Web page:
Twice in just over two weeks (see here and here), we've seen reports of new human cases of H5N6 in China, bringing the total reported in 2016 to 9 (see map above).
So far, the number of human infections with H5N6 remains low, and we've reassuringly seen no signs of efficient human-to-human transmission.
However, with the virus now arrived in South Korea and Japan, and an analysis of its growing diversity in China (see Cell Host Microbe: Genesis, Evolution and Prevalence of HPAI H5N6 In China) raising concerns over its potential threats to public health, all eyes are on this virus.
Today the World Health Organization has published an update on those two recent cases.
The National Health and Family Planning Commission (NHFPC) of China has notified WHO of two laboratory-confirmed cases of human infection with avian influenza A(H5N6) virus.
Details of the cases
- On 21 November 2016, a human case of infection with avian influenza A(H5N6) virus was reported in a 47-year-old female living in Wugang Prefecture, Hunan Province who developed symptoms on 18 November 2016. She was admitted to hospital on the same day in critical condition. On 20 November 2016, the case was confirmed as infected with avian influenza A(H5N6) virus by laboratory testing, supplemented with clinical and epidemiological findings. The epidemiological investigation is ongoing.
- On 1 December 2016, an additional human case of infection with avian influenza A(H5N6) virus was reported in a 30-year-old female living in Guangxi Province who developed the disease on 8 November 2016. She was admitted to hospital on 18 November 2016, and at the time of notification, was in critical condition. She had a history of exposure to dead poultry prior to illness onset. 127 close contacts are being monitored, and at the time of notification, none of the close contacts have experienced symptoms. The epidemiological investigation is ongoing.Public health response
The Chinese Government has taken the following surveillance and control measures:
- Collecting sample from the cases and conducting laboratory tests.
- Intensified treatment of the cases; conducting epidemiological investigation of the cases; tracking and managing close contacts, and medical observation of close contacts.
- Strengthening sentinel surveillance of pneumonia of unknown causes and regular influenza; strengthening etiological surveillance of influenza/avian influenza viruses.WHO risk assessment
WHO, through its Global Influenza Surveillance and Response System (GISRS), continues to closely monitor the avian influenza A(H5N6) virus and other zoonotic influenza events. So far, the overall public health risk associated with the avian influenza A(H5N6) virus has not changed. Avian influenza A(H5N6) viruses have caused severe infection in humans, and thus far, human infections with the virus seem to be sporadic with no ongoing human-to-human transmission. However the specific risk associated with the virus strains infecting the reported cases will be assessed when the viruses are received and characterized in the GISRS laboratories.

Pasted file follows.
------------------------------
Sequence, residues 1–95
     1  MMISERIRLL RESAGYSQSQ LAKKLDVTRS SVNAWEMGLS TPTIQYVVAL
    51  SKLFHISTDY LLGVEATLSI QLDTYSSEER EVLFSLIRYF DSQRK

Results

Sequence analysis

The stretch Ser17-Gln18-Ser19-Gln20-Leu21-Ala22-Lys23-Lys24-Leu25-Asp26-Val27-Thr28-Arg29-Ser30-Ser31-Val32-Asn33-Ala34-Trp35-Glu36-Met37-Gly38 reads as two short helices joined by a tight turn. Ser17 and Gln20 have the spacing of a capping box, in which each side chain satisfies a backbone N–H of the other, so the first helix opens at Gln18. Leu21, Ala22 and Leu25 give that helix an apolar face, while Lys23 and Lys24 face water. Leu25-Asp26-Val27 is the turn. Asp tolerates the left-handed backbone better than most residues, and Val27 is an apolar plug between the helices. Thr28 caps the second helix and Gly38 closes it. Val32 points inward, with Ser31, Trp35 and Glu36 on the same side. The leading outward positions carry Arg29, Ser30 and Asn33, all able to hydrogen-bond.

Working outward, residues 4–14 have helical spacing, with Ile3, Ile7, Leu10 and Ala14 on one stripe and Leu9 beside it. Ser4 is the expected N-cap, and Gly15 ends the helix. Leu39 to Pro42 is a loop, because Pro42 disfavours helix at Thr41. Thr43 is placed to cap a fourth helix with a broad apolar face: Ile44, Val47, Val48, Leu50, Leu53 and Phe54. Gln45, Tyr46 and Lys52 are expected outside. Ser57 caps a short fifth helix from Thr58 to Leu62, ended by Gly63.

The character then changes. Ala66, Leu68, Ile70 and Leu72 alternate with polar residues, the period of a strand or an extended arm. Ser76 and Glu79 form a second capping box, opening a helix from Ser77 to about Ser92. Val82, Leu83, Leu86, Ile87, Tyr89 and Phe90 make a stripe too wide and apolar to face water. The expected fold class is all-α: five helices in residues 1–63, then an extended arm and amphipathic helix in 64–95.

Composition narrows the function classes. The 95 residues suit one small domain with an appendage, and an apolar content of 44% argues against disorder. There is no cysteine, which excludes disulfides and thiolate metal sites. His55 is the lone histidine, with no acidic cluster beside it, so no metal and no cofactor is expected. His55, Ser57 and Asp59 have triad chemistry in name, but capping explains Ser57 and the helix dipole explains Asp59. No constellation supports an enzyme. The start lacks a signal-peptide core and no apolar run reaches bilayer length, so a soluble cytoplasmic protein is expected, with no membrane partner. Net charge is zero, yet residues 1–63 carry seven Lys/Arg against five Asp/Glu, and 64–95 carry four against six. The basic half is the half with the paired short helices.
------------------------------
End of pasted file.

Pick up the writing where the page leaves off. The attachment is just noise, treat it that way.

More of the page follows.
The risk of international disease spread is considered to be low at this point in time. WHO continues to assess the epidemiological situation and conduct further risk assessment based on the latest information.
WHO advises that travellers to countries with known outbreaks of avian influenza should avoid, if possible, poultry farms, contact with animals in live bird markets, entering areas where poultry may be slaughtered, or contact with any surfaces that appear to be contaminated with faeces from poultry or other animals. Travellers should also wash their hands often with soap and water, and follow good food safety and good food hygiene practices.
WHO does not advise special screening at points of entry with regard to this event, nor does it currently recommend any travel or trade restrictions. As always, a diagnosis of infection with an avian influenza virus should be considered in individuals who develop severe acute respiratory symptoms while travelling in or soon after returning from an area where avian influenza is a concern.
WHO encourages countries to continue strengthening influenza surveillance, including surveillance for severe acute respiratory infections (SARI) and influenza-like illness (ILI) and to carefully review any unusual patterns, ensure reporting of human infections under the IHR (2005), and continue national health preparedness actions.